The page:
Notes for a New Year
There is more to Matariki than meets the eye. Use some of these resources to dig deeper.
If Nic Low’s story Matariki Rising has left you curious, we have assembled some resources to dip into to explore the subject further.
Here is a simplified example of a 30-day maramataka cycle, created by Ayla Hoeta (Tainui, Ngāti Tahinga), based on knowledge from Matua Rereata Mākiha (Ngāti Whakaheke, Te Aupōuri, Te Arawa) from the Hokianga. There are a multitude of regionalised versions, each shaped by the local environment. For example, coastal iwi who rely on fishing have more nights related to Tangaroa, atua of the sea. There’s variation in the names and kōrero behind each night as well.
Start learning about the maramataka by using this calendar to explore new ways of structuring your month: planning trips to the bush or sea, getting into the garden and scheduling days to give back to your local environment. See what happens if you think about your month as a rhythm of higher and lower energy periods (marked green and red respectively), and plan work and activities to match.
There is a lot more detail on some guidance about how to plan your life by the maramataka on the Te Papa website, including what is known about Māori astronomy and cosmology.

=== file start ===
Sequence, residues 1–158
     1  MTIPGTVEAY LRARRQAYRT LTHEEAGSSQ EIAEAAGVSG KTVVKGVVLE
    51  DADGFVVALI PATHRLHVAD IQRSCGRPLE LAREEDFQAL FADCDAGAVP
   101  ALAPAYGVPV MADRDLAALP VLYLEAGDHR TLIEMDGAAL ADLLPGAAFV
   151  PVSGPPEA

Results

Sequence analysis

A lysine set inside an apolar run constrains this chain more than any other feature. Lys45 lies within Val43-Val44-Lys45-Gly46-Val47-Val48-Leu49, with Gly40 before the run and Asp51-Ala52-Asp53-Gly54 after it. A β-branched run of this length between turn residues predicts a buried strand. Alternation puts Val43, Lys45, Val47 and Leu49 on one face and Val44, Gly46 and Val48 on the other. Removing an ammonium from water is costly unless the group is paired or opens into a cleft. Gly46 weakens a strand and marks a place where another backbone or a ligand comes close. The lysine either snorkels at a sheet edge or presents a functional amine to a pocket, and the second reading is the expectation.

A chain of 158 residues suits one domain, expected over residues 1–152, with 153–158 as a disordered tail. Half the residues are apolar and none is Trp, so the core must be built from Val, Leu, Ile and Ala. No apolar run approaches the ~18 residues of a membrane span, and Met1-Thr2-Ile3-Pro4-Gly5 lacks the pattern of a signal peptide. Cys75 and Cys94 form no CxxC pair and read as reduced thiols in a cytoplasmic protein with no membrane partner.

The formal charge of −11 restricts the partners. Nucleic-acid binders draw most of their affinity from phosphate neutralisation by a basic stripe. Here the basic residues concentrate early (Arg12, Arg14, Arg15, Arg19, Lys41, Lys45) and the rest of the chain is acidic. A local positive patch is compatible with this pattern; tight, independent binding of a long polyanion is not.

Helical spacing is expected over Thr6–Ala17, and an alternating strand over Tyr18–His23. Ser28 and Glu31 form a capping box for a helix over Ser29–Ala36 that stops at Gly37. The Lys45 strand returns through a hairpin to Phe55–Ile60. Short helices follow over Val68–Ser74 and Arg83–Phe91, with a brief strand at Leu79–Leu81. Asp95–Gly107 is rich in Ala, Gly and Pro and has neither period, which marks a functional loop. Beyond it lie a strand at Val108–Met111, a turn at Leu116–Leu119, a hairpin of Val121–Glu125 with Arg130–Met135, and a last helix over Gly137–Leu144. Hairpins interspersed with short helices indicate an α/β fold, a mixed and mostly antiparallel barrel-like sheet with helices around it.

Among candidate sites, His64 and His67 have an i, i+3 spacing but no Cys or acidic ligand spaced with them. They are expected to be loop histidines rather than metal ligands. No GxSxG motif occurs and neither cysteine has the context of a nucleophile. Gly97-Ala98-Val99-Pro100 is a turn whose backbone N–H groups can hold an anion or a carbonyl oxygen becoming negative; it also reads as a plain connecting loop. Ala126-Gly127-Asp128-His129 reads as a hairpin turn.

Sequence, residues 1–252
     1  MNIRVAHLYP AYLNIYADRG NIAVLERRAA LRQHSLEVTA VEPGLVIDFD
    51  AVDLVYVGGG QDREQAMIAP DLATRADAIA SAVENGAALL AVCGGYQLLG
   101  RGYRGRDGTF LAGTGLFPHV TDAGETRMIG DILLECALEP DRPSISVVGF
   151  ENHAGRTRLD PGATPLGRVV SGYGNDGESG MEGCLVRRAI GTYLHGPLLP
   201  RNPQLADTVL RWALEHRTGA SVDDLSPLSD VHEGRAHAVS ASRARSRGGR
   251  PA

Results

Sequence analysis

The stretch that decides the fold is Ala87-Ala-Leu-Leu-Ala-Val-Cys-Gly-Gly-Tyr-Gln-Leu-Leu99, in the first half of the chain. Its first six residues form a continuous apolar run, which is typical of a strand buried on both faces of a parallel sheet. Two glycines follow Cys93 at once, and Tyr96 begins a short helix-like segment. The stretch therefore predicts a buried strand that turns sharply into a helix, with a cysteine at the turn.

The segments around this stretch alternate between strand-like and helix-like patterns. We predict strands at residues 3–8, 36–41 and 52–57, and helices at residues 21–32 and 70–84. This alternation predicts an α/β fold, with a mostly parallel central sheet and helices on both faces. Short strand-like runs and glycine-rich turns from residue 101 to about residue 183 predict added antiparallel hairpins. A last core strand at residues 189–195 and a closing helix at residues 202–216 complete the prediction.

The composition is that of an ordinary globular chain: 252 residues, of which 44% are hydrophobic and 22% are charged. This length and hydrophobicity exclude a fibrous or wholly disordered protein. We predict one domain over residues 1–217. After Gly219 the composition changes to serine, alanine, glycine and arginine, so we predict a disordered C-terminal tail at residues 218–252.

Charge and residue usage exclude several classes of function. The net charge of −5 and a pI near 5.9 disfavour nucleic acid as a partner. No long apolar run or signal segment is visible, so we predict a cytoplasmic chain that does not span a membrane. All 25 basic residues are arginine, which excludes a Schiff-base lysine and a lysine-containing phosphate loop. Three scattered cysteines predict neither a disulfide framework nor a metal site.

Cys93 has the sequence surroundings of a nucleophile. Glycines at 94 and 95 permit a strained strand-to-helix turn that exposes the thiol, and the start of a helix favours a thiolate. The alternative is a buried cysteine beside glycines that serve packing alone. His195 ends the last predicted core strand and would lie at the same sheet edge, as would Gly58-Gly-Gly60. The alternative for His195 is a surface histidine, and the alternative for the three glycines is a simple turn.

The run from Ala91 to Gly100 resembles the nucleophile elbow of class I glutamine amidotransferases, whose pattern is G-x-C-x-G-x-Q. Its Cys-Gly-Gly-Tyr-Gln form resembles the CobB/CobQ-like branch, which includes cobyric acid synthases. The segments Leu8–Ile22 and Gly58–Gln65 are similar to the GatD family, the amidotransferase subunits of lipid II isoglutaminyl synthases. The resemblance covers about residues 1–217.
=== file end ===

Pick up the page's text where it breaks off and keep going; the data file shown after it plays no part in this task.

These themes are also explored in The Spinoff’s Maramataka collection, and the work of Ayla Hoeta on The Spinoff.
Mr Matariki, Rangi Matamua has been profiled in New Zealand Geographic, and also has his own book which is as a good a reference as you will find. Arguably better Elsdon Best’s book, though the latter still has important historical relevance. James Cowan has his version of the Hatupatu kōrero, while Whiti Hereaka turns the story on its head with her award-winning retelling from the point of view of the bird-woman.
And just in case anyone felt Aotearoa was alone in this cultural revival, read about the renaissance happening in Australia as well!